But.

    I’ve had some wonderful, intelligent, compassionate, and humble doctors. My current lung doc is Amazing. He listens, and we have conversations, not monologues. He trusts me to know my own body and instincts, and I trust him to think of treatments in terms of the whole person, not just the lungs. His stated goal is to help me manage my conditions as best as we can so that I can reach my own personal and professional goals. He’s e-mailed me after hospital releases just to see how I am feeling, and remembers details of my life.

    Not only is he the best doctor I have ever had in terms of communication as well as skill, he is also actively involved in research. He wears all the hats and wears them well and if I’m going to have rare lung stuff no one ever deals with, I could not be happier to have him as a health care partner.


  6. Shannon Says:
    July 18th, 2009 at 1:00 PM

    I was literally in the middle of switching endocrinologists when my “tumor marker” blood work came back elevated…..suddenly this doc that had barely said two words to me during the course of my treatment had alot to say….

    to be fair, I believe part of his terrible bedside manner is more cultural than anything else…especially since I am a woman (he is middle eastern) I spent too much time worrying about the fact that he wouldn’t look at me and not enough time realizing that he very competent at what he does. True getting information from him is sometimes like pulling teeth, but when it came down to it he knew exactly what to do and how to talk me down from my panicked state….(for the most part)

    it would be nice to have both the bedside manner and competence, however at the end of the day that is a rare find…..


  7. Pat Steer (Gaelen) Says:
    July 18th, 2009 at 3:20 PM

    I value skills (good hands, good minds, good diagnostics) above everything else in my docs. Some of them also have serious bedside manner skills; others don’t. But if their other skill-sets put them at the top of the game in treatment and research, then I can deal with communication difficulties.

    Awhile ago I blogged about my relationships with my docs, saying: “Dr. Personality is a brilliant, hard-@ssed scientist-doctor who is also my NYC medical oncologist. She’s not sweet and cuddly – but I don’t need sweet and cuddly in a white coat when I’m in the fight of my life. I can get plenty of ’sweet and cuddly’ from the red coats and blue roan coats with four legs who slept on my bed last night.”

    I have frequently compared Dr. Personality to my local medical oncologist – an equally brilliant doctor-scientist. The difference between them is that while both have some serious skills in the medical treatment/research area, my local oncologist knows who I am, where I work, that I train dogs and cook competitively for fun. He called me on his cell phone when he was on the road and his office notified me that I’d been hospitalized. He is the guy who told me that my diagnosis would ultimately be fatal–and that he’d do everything he could to put off ‘fatal’ for as long as possible.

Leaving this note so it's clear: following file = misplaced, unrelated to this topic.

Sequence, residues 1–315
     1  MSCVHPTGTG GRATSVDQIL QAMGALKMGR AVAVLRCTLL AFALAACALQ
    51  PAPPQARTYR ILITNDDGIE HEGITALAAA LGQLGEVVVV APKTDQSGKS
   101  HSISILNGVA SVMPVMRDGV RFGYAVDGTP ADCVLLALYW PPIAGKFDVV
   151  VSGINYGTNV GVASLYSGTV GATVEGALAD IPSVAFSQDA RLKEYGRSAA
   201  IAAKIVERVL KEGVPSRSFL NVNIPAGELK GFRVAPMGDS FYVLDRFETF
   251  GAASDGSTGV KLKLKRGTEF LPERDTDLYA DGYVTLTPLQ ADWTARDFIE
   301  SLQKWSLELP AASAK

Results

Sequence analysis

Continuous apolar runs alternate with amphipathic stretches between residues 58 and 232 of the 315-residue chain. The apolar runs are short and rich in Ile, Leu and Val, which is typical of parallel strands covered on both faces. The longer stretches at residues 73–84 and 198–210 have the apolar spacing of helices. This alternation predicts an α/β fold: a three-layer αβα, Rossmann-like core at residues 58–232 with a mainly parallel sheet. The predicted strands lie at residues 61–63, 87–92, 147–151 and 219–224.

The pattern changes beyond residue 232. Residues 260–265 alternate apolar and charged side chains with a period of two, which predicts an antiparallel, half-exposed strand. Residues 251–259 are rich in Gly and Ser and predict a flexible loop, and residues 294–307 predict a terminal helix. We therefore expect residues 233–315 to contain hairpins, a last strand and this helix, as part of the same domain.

He’s the guy who hugged me a couple weeks ago when he realized that, together, we’d gotten me and my fatal diagnosis to five years overall survival. He’s the guy who wants to help me work on the next 5 years. Both he and Dr. Personality have my back, and I wouldn’t trade either one in for another.

    I don’t mind helping in a doc’s communication skills development.
    But I’d rather not be the practice patient while he develops his medical skills. ;0


  8. Kairol Rosenthal Says:
    July 19th, 2009 at 12:59 AM

    When I posted this entry I thought I would get a slew of in the trenches comments about the horrible things people’s docs have said and done. It is encouraging to read how many of you are able to separate out the skills from the personality. I am also very struck by Shannon’s comment in seeing another side of her doctor. As patients with chronic conditions, we really develop long term relationships with our doctors, which can develop and even surprise us over time.


  9. Catherine Says:
    July 19th, 2009 at 8:48 AM

    Every patient needs a doctor who know how she feel, no matter what is the health problem. I would choose a doctor I am comfortable with, esp if he will my doctor for long.


  10. Kelly Kane Says:
    July 24th, 2009 at 7:00 PM

    Okay, we’ve met. My number 1 trait in a doctor I was looking for was – sense of humor. Almost like we were dating. But it’s true, if they can’t laugh at my randomness, or crack a joke here and there, well they can get the hell outta my way :) I ended up balancing it out and getting a super smart, super serious doctor too, which once and a great while says funny stuff too – once in a great while :)


  11. Kairol Rosenthal Says:
    July 25th, 2009 at 3:01 PM

    Kelly – If you have a doctor who is an asshole but you have lots of fun laughing at behind his or her back does that qualify for your criteria of humor in the doctor patient relationship?